The aunts were good Christian people. On Sundays I had to be quiet and read. I went to Church in the morning, Sunday School in the afternoon, and either the Chapel in Devynock or Sennybridge in the evening. Most of the services were in Welsh so I spent a lot of time studying my surroundings and the preacher’s idiosyncrasies. I loved the Welsh hymns and my favourite was “Guide me O Though Great Redeemer” I would watch Grandpa Jones’s mouth and watch his dentures wobble as the top set would nearly slip out when he sang the last two lines of the chorus and then he would adjust them with his tongue. At mealtimes he would put them on the window sill! Visiting preachers were often asked back to tea or supper where the conversation was mostly in Welsh. We had marvellous Sunday teas. Thin homemade bread spread with farm butter, homemade sponge cut in oblong pieces, fruit slab cake and delicious warm wimberry or apple tart. We were one of the few houses in the village with running water and a bath and, to my embarrassment, sometimes mistresses from school would come for a bath and stay to tea or supper. I used to make my excuses and disappear.

On washing days ladies in their laced-up boots would collect water in metal containers from the tap in the wall below Top shop. Every day, morning and evening, Mrs Jones from Penpentre Farm would push the milk cart round and ladle the still warm milk into the waiting jugs on people’s kitchen tables. The Vicarage took in two evacuees. I remember being sent from school to ask Miss Miler, the housekeeper, if she would have them. Later, a third little girl joined them as she was feeling a little bit lonely at the Neuyudd Farm. The vicar was such a kind and gentle man; I loved visiting there, play on the lawn and climb in his fir tree. Mr Jonathan Davies was his name and often he’d put an arm round my shoulder and say “Well done, Pat Bach” – I loved that! I also liked stealing a ride on gambos. Those are horse drawn farm carts that came past the door quite often. I’d travel about ½ mile then slip off and run back to Topshop.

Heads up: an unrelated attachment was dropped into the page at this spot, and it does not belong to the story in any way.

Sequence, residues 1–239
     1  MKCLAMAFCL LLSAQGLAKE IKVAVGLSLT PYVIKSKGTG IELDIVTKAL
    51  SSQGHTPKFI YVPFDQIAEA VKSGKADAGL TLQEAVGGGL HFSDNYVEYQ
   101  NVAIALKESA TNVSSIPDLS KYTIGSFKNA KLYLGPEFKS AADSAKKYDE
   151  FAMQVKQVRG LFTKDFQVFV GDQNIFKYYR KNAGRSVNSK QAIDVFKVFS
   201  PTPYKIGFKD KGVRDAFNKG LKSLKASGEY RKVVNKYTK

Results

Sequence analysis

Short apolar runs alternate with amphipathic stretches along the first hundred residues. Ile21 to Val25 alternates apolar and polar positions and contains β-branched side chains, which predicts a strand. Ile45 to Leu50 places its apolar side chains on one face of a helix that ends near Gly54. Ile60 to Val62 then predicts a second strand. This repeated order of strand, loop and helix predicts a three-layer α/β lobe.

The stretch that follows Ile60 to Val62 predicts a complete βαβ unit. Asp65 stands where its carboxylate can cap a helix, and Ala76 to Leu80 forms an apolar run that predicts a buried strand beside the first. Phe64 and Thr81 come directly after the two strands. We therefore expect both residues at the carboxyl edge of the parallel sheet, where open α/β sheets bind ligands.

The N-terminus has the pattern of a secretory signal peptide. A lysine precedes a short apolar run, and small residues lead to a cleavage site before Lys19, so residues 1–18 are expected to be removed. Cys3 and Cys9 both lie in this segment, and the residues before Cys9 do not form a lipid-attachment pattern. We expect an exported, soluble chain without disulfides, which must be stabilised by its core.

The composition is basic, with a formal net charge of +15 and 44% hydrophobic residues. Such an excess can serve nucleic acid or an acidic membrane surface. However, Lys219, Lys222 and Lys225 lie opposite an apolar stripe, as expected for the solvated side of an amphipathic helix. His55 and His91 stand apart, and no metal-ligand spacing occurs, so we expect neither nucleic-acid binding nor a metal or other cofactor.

Just round the corner from Top Shop lived Mrs. Price, who had many children; this was another place where I was made very welcome and it was such a treat to help bath the little ones. Welsh was the first language of all the villagers but they could speak English too, even the very little ones. The blacksmith’s shop was a great attraction and the blacksmith, Mr Griffiths, was tall and well built with thick, silver-white hair. Horses pulled the plough and the hay carts and the hay making at the Red Lion was rewarded with a drink of cider and sometimes a ride on the cart. Defin Maescar Farm, behind Top shop, was where children always seemed to be welcome; such lovely jumps we had in the barns onto soft hay that summer. I explored the countryside on my own and sometimes would follow a little stream to its source, bubbling out on a hillside...

We had to share a school with the Welsh pupils in Sennybridge. They had their usual classes and teachers. We had on classroom on the stage in the hall and another in the cloakroom and sometimes classes outside the playground or by the little river.

At thirteen, I sat an exam which gave me a place at the Grammar School near my mother who had by now moved to a house in the country. Our London home was wrecked by the bombs.

That was such a marvellous year for me despite being away from home. I made friends with the nieces and nephews and returned for many holidays. When I married and had daughter of my own they too were given a loving welcome.

All those dear people at Top Shop have passed on now, but they will never be forgotten by their evacuee. I used to feel I was going home when I visited Devynock but now find sadly it has changed so much, but I have my precious memories.